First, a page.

Sigur Ros has really seemed to garner a lot of publicity and break into a more mainstream music world with their latest album which translates to “With a Buzz in Our Ears We Play Endlessly”. Being a relative newbie to the band myself, I was excited to be a new fan just in time for an album launch. While nothing is relatively new here, its all put together so well and so distinctly Sigur Ros (albeit with a smile) you can’t help but get sucked in.
“Gobbledigook” opens up with fast paced tom drums thundering to acoustic guitar chords and ab lib vocals. This is defiantly the most straightforward fun song I’ve heard to date from Sigur Ros and is a welcome direction change. It’s so uplifting and enlightening I’ve had it on repeat on most walks to work the last two weeks.
“Inní mér syngur vitleysingur” continues the new uplifting vibe with plenty of vocals, strings and xylophones to keep you going. This song’s tempo is great for a stadium song for everyone to clap to. As ever the build up to the finale is momentous.
“Góðan daginn” is much more the Sigur Ros I’ve gotten to know. Its gentle and subtle guitar and percussion melts over the vocals like a dreamy snowflake falling into the palm of your hand. By track three you already know that you’re in safe hands and you can drift off knowing so. “Við spilum endalaust” brings out the more rockier side of the band with thick bass lines and rising chords getting you ready for a big chorus that delivers. The inclusion of brass here like the second track really boosts the euphoria felt on the choruses.
Then we hit the first epic song. Clocking in at 9 minutes, “Festival” takes its time slowly forming spacious keyboard sounds and guitar ambience that revolve around vocals that could rival Lisa Gerrard in emotion. Then half way through the band kick in with thundering drums and bass lines like a manic Celtic dance that grows and grows into a fine frenzy of a finale! Fantastic.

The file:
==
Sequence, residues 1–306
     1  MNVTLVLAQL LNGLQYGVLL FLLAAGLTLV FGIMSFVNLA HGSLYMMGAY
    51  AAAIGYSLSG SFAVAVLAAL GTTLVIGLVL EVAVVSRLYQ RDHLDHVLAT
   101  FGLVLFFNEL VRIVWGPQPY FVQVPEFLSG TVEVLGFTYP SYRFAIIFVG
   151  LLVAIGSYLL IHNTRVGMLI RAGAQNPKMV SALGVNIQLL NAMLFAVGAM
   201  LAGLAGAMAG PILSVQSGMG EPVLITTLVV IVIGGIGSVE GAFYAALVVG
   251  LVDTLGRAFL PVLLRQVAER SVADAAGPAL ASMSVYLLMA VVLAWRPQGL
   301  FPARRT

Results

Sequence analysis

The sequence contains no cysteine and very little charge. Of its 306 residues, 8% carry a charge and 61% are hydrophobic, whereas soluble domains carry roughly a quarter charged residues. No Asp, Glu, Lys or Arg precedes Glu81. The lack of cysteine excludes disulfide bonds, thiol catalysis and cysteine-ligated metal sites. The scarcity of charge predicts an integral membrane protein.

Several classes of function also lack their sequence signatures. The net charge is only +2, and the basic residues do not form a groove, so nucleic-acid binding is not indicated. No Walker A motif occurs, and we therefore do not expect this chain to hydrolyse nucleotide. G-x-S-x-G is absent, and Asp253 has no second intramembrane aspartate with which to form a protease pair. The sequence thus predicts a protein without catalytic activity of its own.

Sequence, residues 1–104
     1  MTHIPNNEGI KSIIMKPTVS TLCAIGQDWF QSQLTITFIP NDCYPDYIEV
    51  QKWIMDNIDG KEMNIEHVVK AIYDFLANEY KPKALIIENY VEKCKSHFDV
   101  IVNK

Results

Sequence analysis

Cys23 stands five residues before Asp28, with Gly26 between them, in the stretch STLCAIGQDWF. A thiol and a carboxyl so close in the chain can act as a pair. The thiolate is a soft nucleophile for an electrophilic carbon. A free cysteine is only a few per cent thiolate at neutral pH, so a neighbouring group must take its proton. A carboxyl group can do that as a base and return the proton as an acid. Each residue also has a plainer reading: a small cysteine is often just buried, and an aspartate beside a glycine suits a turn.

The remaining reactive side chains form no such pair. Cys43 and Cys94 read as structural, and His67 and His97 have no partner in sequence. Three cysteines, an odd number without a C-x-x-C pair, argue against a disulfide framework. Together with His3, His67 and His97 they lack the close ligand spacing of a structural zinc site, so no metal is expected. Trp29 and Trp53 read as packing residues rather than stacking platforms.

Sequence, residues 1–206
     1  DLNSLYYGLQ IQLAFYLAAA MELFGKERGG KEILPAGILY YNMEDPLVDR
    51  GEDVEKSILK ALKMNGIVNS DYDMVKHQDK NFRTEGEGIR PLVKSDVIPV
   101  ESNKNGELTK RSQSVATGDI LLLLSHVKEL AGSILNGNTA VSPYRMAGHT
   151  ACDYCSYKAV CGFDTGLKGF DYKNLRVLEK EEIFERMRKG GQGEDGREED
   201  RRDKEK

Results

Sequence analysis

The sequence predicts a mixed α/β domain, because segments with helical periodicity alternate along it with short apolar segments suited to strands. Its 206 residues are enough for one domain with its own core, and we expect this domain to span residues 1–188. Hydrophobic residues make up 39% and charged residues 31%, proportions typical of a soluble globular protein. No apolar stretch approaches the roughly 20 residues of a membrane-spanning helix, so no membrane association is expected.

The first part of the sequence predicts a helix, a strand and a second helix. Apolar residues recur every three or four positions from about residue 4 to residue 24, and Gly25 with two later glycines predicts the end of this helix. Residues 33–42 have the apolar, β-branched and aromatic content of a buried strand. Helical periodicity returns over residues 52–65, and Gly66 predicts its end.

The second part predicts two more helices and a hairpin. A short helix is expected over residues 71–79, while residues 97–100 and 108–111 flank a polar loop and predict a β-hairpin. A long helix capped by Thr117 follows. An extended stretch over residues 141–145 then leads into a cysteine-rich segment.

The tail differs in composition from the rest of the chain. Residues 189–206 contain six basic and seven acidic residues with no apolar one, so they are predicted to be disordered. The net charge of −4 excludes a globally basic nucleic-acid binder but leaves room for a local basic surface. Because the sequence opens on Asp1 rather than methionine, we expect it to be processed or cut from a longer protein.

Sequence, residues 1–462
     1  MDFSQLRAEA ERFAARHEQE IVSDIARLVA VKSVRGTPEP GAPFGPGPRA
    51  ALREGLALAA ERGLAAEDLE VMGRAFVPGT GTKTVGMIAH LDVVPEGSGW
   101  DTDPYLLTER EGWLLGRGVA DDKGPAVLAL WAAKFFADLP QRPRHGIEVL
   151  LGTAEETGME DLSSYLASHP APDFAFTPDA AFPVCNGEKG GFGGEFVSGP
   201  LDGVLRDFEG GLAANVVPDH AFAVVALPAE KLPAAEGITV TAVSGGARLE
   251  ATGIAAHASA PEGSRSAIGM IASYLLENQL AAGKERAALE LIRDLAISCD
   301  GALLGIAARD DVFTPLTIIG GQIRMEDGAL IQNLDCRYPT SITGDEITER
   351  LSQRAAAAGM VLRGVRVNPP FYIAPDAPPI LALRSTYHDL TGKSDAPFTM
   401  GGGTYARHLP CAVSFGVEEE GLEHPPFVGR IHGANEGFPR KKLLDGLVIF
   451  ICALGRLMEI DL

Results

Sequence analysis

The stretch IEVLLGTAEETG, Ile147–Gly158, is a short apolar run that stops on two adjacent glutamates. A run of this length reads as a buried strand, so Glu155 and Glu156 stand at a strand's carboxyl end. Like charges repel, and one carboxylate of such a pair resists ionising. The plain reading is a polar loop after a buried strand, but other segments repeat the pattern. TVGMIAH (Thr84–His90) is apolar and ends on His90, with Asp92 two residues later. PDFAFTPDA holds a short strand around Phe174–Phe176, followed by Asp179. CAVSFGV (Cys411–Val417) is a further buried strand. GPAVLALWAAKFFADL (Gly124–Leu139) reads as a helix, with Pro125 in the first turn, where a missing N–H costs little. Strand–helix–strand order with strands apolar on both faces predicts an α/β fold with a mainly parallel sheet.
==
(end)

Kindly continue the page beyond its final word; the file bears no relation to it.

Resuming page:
“Með suð í eyrum” gives us piano for the first time as a backbone for this uplifting piece with a quirky drum roll beat that really marches the song onwards and upwards. The piano stays on for “Ára bátur” foe this slow ballad which is joined towards the end by a chorus and orchestra for one of the most beautiful pieces of music you’ll hear in 2008. Worth of any film, soundtrack, singer/songwriter or band. The sheer scale is astounding.
“Illgresi” takes things back to the acoustic guitar for au understated track which stands out for not standing out. It’s nice to have a song with no dramatic kitchen-sink endings no matter how good they are! “Fljótavík” is a warm and sparse track too with a lovely flow to the piano, guitar effects and strings. This is then followed through with “Straumnes”, a two minute warm blanket of music lifted from the previous song but left as a open flowing instrumental.
“All Alright” closes the album with a first for Sigur Ros, an English spoken song! Infused with gentle brass, piano and keyboards the song wades through your conscious until it slips away.
So Sigur Ros certainly doesn’t disappoint. Once again they play on the heart strings and actually have some fun on this album. New fans would do well to start here and old fans will not be disappointed as the same formula hasn’t really changed at all. There’s a bit more joy behind it perhaps? Whatever it is let’s hope it stays for the next album. Contender for album of the year? You Bet!